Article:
Fish & Richardson Secures Win for Exela Pharma Sciences in ELCYS® Patent Infringement Litigation

Fish & Richardson secured a significant victory for Exela Pharma Sciences, LLC, the maker of ELCYS®, in patent infringement litigation against Eton Pharmaceuticals, Inc., over its intent to produce a generic version of Exela's patented ELCYS® product. ELCYS® is the only FDA-approved cysteine hydrochloride injection on the market for use as an additive to amino acid solutions to meet the nutritional requirements of newborn infants requiring total parenteral nutrition (TPN), and of adult and pediatric patients with severe liver disease who may have impaired enzymatic processes and require TPN.

In her August 8 ruling, Judge Maryellen Noreika of the U.S. District Court for the District of Delaware agreed with Fish that Eton's Abbreviated New Drug Application (ANDA) product infringes all asserted claims of Exela's patents, and that Exela's patents are not invalid. The court rejected each and every one of Eton's challenges.

"We are pleased that the court wholeheartedly agreed with our arguments and ruled in favor of our client across the board," said Fish principal Corrin Drakulich. "Exela made the first drug of this type with extremely low levels of aluminum, which has been known for decades to be toxic to infants. Protecting Exela's investment in arriving at this innovation will enable it to do further research and development and invest in manufacturing infrastructure to benefit other patients, beyond the fragile infant patients who rely on ELCYS® every day."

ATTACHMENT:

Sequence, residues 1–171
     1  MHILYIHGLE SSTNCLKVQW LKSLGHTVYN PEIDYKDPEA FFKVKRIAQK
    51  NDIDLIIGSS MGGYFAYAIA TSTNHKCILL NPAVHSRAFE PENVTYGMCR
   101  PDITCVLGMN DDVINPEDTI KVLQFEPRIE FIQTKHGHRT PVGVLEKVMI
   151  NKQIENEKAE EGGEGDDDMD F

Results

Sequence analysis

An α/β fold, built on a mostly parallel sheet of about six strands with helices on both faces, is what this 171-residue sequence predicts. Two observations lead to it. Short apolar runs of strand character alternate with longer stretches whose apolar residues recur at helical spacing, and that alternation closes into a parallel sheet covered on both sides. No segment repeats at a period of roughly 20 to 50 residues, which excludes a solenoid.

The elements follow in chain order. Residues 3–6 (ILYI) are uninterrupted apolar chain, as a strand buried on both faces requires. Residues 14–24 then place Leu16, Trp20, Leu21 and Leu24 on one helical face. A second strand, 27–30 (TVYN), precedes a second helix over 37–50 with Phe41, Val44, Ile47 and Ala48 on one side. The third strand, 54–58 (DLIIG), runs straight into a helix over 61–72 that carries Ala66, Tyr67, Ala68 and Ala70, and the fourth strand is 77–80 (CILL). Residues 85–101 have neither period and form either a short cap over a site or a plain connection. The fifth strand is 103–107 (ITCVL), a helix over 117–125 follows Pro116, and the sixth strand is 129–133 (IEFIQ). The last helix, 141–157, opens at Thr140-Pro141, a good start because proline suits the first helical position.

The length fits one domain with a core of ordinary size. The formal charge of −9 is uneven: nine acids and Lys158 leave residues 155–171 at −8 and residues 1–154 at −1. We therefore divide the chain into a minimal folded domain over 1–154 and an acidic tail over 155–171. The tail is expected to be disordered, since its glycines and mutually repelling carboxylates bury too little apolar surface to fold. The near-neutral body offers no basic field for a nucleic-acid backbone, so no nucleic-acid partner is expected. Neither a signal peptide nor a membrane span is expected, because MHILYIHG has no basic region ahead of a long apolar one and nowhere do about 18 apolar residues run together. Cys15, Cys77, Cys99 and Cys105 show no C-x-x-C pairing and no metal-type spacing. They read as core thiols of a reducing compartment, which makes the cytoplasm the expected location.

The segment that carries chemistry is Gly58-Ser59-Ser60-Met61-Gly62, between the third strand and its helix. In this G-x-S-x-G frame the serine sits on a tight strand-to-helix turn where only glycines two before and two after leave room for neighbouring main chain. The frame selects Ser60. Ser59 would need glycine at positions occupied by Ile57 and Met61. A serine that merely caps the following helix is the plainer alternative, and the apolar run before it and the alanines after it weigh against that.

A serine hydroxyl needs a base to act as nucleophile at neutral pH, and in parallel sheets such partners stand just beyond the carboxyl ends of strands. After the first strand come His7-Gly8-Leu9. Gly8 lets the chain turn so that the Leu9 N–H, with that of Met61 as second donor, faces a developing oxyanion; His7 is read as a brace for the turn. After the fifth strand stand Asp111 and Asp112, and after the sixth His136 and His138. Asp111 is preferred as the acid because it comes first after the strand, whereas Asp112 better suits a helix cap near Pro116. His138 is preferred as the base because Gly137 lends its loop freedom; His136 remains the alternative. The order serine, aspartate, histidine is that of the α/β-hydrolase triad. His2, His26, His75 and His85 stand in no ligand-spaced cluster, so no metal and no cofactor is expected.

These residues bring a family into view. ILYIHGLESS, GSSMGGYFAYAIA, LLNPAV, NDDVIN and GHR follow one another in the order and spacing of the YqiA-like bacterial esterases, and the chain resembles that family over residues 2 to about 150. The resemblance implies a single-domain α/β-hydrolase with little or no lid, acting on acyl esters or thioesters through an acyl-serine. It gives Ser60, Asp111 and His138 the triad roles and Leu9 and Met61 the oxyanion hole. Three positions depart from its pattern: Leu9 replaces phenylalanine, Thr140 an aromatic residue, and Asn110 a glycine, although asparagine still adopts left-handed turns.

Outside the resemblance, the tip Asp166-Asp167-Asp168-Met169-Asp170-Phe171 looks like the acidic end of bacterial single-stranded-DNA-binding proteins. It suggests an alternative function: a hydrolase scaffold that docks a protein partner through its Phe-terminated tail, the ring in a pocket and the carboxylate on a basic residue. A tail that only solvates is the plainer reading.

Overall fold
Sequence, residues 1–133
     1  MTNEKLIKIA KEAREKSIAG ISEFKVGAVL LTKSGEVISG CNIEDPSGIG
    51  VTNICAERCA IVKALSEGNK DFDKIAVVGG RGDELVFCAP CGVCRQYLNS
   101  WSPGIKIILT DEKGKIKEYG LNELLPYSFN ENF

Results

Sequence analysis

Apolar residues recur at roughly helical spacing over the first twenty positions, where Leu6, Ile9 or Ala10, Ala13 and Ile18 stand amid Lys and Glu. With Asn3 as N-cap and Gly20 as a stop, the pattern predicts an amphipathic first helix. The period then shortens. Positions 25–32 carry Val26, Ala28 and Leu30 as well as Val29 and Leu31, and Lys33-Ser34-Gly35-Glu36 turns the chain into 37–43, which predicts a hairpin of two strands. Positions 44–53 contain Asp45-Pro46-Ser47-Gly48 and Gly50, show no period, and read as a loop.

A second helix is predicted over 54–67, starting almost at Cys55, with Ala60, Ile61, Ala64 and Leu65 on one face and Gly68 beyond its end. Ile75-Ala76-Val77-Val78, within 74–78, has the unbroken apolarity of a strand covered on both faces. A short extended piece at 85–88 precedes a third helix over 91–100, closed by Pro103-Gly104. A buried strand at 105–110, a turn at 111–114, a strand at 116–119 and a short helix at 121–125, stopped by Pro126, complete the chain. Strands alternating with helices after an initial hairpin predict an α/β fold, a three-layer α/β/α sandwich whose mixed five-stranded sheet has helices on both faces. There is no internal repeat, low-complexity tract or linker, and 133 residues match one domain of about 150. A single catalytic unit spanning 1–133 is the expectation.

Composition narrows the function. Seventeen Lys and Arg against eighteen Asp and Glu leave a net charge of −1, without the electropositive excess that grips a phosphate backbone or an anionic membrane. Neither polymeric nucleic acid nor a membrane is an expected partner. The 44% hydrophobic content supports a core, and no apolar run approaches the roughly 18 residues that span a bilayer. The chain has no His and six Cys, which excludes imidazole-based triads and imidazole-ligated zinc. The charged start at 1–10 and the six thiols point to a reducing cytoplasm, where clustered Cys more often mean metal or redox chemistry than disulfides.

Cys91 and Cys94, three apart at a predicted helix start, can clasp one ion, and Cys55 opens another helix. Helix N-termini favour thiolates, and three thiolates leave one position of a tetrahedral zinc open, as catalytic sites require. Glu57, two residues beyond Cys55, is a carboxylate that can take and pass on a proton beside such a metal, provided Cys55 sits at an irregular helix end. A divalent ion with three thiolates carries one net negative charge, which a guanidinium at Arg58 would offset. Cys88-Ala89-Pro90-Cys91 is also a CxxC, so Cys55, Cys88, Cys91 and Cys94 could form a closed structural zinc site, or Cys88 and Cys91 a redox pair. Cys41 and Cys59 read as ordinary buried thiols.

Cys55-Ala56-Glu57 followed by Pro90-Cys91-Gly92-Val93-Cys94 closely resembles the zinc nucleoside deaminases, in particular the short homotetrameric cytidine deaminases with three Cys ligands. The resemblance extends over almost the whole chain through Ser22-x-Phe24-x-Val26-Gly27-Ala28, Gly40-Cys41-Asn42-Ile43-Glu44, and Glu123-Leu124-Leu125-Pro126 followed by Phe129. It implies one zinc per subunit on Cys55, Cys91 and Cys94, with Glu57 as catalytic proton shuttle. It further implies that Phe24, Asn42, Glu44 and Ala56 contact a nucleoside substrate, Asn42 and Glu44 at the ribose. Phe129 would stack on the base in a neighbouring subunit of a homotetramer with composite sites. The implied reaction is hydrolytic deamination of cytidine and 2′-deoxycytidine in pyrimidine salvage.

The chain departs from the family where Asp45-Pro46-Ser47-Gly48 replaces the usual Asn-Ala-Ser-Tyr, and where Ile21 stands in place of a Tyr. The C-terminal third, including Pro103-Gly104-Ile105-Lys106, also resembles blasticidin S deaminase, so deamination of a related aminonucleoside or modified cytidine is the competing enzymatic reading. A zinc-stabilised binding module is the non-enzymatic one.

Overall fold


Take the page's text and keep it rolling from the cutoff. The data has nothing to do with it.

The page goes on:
Judge Noreika's ruling is the culmination of a two-and-a-half-year dispute with Eton. Fish filed a Hatch-Waxman lawsuit in the District of Delaware on behalf of Exela in March 2020 against Eton. Eton responded by filing three post-grant review petitions (PGRs) against Exela's ELCYS® patents in an attempt to invalidate those patents in parallel proceedings. The Patent Trial and Appeal Board agreed with Fish's responsive filings and refused to institute the requested PGRs, ensuring any further validity challenge would be heard in district court. In the district court case, Fish won a key pre-trial motion on behalf of Exela that knocked out Eton's primary non-infringement theory and led to Eton stipulating to infringement of two of the three patents on the eve of trial.

At trial, which lasted three days, a Fish team led by Drakulich successfully proved infringement of the third patent, and rebuffed Eton's claims that the patents were both anticipated and obvious based on prior art products which exhibited the very problems Exela set out to, and did, solve. Marshaling the scientific evidence through opinion leading industry experts, Fish demonstrated that the patent claims are novel and nonobvious.

The case is Exela Pharma Sciences, LLC v. Eton Pharmaceuticals, Inc., C.A. No. 20-365. In addition to Drakulich, the Fish attorneys representing Exela at trial were Betsy Flanagan, Greg Booker, Christina Brown-Marshall, Dexter Whitley, Deanna Reichel, and Karrie Wheatley.

The full court opinion can be viewed here.